I sighed as I walked into my bedroom and got changed into my cow print onesie. I flicked through some songs on my iPod until I found something suitably rousing and as Gloria Gaynor started belting out ‘I am what I am’, I turned up the volume, leapt up onto the bed and danced and wiggled my bum in time with the lyrics. I was highly skilled in the playing of air drums and as Gloria reached a crescendo so did my frenetic drum playing. As the instrumental kicked in I leapt off the bed, doing the splits mid-air. I pulled a muscle in my groin and as I flicked my hair theatrically out of my face I saw Harry’s eyes widen in horror as I landed on top of him, one leg somehow hooked over his shoulder as my other foot kicked him square in his crotch.
He screamed in pain. I screamed with embarrassment as he staggered back and landed hard on his bum, my leg still wrapped round his neck.
Gloria was still singing loudly in the background as we stared at each other. Finally I managed to speak.
‘What are you doing here?’
‘Currently, wondering if I’ll ever be able to have sex again. Can you please get off my lap?’
I quickly climbed off him, kneeing him in the face as I tried to stand up. He slowly staggered to his feet, doubled over in obvious pain.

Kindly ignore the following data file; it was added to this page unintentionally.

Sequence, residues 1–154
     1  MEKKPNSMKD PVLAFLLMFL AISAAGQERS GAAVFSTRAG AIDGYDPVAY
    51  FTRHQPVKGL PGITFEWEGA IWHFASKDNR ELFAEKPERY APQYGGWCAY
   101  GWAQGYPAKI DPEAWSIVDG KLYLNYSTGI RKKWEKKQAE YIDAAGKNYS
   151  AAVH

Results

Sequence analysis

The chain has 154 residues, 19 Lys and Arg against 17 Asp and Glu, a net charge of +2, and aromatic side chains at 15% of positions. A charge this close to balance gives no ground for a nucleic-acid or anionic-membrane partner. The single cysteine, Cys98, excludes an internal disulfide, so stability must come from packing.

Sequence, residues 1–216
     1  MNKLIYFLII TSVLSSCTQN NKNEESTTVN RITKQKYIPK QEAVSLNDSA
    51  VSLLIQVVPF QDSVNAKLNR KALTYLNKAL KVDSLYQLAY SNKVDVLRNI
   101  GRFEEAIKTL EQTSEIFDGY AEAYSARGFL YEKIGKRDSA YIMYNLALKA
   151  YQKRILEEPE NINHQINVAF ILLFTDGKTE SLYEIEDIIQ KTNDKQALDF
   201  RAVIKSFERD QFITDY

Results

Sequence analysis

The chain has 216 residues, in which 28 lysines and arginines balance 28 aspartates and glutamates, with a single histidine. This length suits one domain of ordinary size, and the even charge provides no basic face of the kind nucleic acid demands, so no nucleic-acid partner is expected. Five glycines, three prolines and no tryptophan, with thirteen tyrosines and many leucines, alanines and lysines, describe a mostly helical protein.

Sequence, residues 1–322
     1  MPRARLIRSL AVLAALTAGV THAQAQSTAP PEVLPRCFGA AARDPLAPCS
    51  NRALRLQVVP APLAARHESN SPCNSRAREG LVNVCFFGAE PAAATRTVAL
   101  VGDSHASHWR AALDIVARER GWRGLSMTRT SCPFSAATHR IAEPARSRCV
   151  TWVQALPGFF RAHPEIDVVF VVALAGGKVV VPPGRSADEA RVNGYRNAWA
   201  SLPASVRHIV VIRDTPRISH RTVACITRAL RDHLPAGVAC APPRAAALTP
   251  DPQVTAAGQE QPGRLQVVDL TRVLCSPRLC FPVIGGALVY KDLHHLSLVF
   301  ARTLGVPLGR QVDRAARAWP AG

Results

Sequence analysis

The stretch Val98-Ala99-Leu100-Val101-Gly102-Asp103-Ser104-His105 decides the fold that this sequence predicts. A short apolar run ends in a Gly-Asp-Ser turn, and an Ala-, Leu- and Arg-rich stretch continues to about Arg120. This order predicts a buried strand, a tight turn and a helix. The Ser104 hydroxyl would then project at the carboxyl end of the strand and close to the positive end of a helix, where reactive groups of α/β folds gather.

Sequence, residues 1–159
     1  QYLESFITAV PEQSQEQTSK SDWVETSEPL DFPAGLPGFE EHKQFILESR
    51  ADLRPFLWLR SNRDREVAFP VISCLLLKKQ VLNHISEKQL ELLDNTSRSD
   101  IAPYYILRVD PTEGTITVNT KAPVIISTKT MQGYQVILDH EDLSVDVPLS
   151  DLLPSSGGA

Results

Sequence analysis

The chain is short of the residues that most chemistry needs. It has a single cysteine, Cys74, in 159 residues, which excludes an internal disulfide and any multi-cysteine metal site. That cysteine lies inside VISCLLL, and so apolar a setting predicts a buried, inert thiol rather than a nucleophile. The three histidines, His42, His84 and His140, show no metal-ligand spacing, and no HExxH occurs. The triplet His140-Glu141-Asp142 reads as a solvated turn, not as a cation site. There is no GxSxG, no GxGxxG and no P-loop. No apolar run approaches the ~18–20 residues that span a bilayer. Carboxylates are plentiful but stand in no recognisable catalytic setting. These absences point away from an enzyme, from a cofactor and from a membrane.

‘I forgot my wallet,’ he said, by way of explanation.
I swallowed. ‘You saw me dance?’
He lifted his head and this time there was no mistaking the grin. ‘From the very beginning to the dramatic finale.’
‘I better go, Samantha will be wondering where I am. Nice onesie by the way. Does Tiny Tim have one too? A horse or a pig perhaps?’
I stared down at myself, at the pink udders hanging limply from my stomach, and wanted the ground to swallow me up. ‘He’s not coming round till later.’
‘Of course not. And I imagine he thinks you look quite cute in it.’
Cute? Puppies were cute. Is that how he thought of me, as a cute little puppy?
He moved to the top of the stairs and I followed him.
‘Do you think I look cute in it?’
He turned and walked back up a few stairs, kneeling on the stair below me so we were eye to eye. ‘Yes.’
My heart dropped. I was so far in the friend zone I was now categorised as cute. He’d be patting me on the back next and telling me he saw me like a sister.
My heart sank into my feet.
‘I bet Samantha would look sexy in it?’
‘I doubt it. I don’t think it’s possible for anyone to look sexy in it.’
I felt slightly better at this.
‘And don’t underestimate the value of cute, it’s a great quality to have.’ He leaned forward and kissed me on the nose. ‘And don’t stay up too late, I have a big day planned for you tomorrow.’
He ran down the stairs and was gone a second later.
I touched my nose, still feeling the softness of his lips. He thought I was cute. I smiled as I fell in love with him all over again.